Yesterday a federal judge ruled in favor of the 26 states challenging the constitutionality of President Obama’s health care law, striking down the individual mandate and the rest of the law with it. I’m proud to have led the original group of 13 states in filing that lawsuit last March in Pensacola. This is the most important lawsuit in my lifetime regarding individual liberty and states’ rights.
In a well-researched and thoughtful decision, Judge Roger Vinson ruled that the individual mandate was unconstitutional, and that Congress had absolutely no authority under the Commerce Clause to regulate inactivity, e.g. requiring people to buy a product like health insurance. Judge Vinson declared the entire Obamacare law unconstitutional because the insurance provisions in the law would not work without the individual mandate, the insurance provisions are essential to the rest of the law, and Congress deleted a severability clause.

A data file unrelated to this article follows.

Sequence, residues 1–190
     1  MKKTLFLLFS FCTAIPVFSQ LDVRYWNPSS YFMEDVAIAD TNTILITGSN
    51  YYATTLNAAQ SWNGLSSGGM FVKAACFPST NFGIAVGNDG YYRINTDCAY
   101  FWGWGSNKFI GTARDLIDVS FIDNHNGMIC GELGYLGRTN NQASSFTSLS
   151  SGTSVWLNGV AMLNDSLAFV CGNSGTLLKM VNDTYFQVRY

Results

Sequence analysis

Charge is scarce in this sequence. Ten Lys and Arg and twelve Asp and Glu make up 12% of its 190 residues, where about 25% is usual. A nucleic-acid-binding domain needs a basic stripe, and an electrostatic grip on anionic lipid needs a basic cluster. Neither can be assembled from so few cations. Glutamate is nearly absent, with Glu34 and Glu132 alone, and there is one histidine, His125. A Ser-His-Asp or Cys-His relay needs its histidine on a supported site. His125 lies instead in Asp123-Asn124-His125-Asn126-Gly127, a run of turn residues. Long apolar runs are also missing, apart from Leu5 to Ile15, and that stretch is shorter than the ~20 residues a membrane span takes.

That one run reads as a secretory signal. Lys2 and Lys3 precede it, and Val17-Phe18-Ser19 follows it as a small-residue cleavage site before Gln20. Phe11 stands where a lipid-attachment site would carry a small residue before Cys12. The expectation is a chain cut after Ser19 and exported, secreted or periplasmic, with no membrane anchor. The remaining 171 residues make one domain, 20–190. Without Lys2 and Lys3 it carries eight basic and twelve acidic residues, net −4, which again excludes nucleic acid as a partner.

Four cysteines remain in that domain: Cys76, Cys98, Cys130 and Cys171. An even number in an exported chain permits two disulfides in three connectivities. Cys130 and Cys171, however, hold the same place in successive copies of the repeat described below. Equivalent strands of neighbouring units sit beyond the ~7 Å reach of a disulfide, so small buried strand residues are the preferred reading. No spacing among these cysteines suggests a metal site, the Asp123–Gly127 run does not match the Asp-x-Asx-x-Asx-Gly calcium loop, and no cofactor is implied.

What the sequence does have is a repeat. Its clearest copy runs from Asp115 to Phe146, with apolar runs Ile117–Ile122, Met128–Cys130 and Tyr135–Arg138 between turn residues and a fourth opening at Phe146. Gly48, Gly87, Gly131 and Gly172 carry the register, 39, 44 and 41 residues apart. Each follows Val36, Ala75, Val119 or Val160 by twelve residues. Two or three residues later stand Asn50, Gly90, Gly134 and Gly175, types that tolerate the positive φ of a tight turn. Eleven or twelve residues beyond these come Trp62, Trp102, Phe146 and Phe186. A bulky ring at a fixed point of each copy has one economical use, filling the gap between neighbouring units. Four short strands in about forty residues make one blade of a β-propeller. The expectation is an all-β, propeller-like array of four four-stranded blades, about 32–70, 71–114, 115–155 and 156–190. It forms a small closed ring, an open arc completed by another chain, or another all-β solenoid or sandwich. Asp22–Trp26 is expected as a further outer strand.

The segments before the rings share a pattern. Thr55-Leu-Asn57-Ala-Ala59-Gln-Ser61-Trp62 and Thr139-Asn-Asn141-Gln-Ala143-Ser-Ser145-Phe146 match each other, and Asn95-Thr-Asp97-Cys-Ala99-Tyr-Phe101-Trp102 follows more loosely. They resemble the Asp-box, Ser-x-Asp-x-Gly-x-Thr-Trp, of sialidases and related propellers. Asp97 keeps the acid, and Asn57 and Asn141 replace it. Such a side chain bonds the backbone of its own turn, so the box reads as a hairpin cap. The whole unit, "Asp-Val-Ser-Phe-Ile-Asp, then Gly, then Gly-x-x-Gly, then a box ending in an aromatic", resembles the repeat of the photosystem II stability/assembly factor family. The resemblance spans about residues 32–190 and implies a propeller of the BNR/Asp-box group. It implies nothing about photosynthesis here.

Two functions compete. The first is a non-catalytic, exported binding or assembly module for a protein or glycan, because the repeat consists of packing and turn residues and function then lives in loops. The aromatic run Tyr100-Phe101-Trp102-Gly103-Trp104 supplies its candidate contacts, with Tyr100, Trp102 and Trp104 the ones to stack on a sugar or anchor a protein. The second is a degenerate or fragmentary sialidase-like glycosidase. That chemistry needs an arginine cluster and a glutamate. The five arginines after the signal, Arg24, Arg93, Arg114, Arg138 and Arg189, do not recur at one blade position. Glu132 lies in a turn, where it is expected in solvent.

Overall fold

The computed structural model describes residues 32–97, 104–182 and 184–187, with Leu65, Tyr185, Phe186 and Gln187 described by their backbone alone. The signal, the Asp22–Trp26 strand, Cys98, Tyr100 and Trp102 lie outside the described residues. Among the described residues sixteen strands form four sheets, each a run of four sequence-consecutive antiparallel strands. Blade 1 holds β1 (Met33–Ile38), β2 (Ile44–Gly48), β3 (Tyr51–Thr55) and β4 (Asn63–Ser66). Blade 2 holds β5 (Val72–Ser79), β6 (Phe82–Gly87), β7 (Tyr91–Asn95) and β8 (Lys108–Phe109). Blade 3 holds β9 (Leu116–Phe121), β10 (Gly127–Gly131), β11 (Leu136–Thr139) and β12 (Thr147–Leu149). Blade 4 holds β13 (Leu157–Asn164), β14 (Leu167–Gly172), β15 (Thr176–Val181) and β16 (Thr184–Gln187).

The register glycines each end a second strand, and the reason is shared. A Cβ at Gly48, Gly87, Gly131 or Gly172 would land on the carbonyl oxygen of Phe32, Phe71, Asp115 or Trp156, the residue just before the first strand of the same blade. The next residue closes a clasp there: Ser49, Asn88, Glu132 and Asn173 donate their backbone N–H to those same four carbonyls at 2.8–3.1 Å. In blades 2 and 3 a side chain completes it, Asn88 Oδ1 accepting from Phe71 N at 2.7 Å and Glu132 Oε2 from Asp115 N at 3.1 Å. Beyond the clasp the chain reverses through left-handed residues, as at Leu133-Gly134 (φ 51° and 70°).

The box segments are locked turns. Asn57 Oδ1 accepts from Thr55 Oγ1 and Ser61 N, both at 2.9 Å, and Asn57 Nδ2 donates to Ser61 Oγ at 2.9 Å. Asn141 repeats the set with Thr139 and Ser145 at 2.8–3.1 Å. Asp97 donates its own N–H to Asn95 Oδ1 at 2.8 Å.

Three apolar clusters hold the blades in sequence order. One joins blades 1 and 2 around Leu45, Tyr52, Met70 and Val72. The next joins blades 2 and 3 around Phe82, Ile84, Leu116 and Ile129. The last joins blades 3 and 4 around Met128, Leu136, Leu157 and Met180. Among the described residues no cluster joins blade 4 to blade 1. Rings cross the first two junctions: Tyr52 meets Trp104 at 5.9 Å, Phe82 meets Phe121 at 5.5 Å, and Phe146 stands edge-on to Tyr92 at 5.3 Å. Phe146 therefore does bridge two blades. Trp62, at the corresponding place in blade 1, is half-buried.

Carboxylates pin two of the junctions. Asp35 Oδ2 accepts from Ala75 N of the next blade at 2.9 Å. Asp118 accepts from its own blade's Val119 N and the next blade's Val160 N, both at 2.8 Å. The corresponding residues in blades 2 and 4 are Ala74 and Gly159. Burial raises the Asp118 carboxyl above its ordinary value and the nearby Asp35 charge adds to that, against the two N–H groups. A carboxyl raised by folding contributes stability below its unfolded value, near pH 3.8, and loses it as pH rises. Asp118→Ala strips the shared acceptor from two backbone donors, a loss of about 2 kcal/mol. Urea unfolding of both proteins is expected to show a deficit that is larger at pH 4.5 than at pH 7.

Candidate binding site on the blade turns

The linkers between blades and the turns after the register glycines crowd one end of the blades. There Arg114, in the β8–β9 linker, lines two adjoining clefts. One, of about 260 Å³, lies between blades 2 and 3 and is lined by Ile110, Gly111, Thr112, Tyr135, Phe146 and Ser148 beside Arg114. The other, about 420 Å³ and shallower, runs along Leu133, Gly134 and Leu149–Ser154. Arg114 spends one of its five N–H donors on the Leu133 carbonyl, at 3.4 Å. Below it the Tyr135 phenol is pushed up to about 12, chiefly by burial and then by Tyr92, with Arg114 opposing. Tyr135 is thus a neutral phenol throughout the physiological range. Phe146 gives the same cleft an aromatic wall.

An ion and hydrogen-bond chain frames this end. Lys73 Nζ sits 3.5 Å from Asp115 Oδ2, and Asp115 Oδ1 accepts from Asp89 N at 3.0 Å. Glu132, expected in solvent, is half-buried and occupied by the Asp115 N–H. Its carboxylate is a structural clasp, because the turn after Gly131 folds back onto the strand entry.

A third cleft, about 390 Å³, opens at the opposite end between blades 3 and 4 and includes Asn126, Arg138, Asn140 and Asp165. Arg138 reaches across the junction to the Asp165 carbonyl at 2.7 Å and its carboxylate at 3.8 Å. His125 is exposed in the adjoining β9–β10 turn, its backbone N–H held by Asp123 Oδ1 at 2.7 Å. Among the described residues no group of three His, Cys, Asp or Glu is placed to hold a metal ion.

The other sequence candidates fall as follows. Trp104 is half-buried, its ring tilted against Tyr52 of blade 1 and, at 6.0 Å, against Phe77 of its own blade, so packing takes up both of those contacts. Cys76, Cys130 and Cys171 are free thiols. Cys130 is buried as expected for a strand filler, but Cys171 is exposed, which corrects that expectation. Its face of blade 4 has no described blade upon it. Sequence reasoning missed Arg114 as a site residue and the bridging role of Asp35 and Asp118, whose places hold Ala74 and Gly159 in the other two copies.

This lawsuit may very well be one of the most important cases in our history because the judge’s ruling clearly defines the boundaries of the Commerce Clause as not applicable to inactivity; a person’s choice not to purchase health care insurance cannot be construed as any type of economic activity. This decision is so important because it reins in a federal government that otherwise would know no boundaries. If the individual mandate were to be upheld, the federal government could mandate almost anything, from a higher consumption of broccoli to the purchase of certain types of automobiles.
Ultimately the final ruling on the law’s constitutionality will have to be made by the Supreme Court of the United States, but I’m greatly encouraged by Judge Vinson’s ruling.
Warm regards always,